PG suggests the possibility that indie authors who self-publish may be the only avenue by which authentic voices can actually reach readers.

16 thoughts on “Tokenism in Books Led a Father to Self-Publish Stories for His Mixed-Race Sons.”

  1. I read that as “Tolkienism” and couldn’t figure out what the article was trying to say. Time for more coffee! lol.

  2. The 2011 census found 14% of people in England and Wales were non-white.

    If one accepts the idea that people want books about people who look like themselves, then it sounds like the publishers are producing for the 86% rather than the 14%. I doubt the publishers have any reason to change that.

    If we further accept the “Looks like me” idea, there is no BAME character. One would have to write an Asian character, and blacks wouldn’t like that because they don’t look like Asians. Nor would Asians like black characters because they don’t look like blacks. So publishers would have to target ever shrinking slices of the BAME population so books look like the specific variety of BAME.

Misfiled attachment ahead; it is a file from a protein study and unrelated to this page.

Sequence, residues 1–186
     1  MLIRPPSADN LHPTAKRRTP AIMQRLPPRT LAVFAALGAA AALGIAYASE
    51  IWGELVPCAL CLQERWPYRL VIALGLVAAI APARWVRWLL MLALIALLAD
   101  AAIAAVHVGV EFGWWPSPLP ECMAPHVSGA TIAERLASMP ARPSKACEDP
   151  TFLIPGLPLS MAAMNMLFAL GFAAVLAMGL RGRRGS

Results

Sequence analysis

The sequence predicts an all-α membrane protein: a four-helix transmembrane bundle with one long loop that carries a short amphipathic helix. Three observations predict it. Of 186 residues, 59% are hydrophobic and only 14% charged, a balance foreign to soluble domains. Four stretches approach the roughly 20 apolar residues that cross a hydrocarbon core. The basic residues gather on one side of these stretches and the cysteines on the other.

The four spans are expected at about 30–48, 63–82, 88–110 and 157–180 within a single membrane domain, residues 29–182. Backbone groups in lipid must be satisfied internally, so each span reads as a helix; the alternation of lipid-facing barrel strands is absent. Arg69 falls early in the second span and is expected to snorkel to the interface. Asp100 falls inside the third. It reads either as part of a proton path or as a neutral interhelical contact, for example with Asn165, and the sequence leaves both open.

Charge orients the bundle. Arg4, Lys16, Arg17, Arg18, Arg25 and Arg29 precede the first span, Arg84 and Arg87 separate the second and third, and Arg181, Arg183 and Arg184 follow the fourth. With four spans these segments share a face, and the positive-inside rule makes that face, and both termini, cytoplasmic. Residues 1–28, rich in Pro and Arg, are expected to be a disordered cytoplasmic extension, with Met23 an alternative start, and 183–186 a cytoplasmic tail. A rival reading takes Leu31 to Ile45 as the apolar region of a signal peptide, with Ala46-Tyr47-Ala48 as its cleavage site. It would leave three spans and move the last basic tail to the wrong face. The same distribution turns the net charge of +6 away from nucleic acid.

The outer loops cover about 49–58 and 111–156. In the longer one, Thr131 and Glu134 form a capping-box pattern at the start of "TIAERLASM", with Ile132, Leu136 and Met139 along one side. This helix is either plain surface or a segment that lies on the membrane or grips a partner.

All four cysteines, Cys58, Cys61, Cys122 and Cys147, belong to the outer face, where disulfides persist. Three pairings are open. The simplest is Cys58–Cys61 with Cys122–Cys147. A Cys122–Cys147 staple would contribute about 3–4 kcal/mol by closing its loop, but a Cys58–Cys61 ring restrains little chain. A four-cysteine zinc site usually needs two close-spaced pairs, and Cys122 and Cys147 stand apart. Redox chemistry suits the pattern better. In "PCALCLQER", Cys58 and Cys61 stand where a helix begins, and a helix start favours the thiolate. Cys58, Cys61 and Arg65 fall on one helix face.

And authentic voices? What’s an inauthentic voice? Whose voice is inauthentic?

  3. ::smh:: Same ‘ole Terrence.

    Oh, by the way, I noticed you didn’t contnue your normal spiel the other day wben you were complaining about Anazon removing certain political books from the site. How ironic when it’s something you’re interested in it suddenly becomes a problem. Otherwise, it’s the same tone deafness you always bring to a discussion–“Capatilism is king. The pusuit of money is God. Thank God for both.”

    Step outside yourself and see things from someone elses perspective sometimes.

    • God Bless Captalism and the 86%, for they have brought more prosperity to more people than any system in history.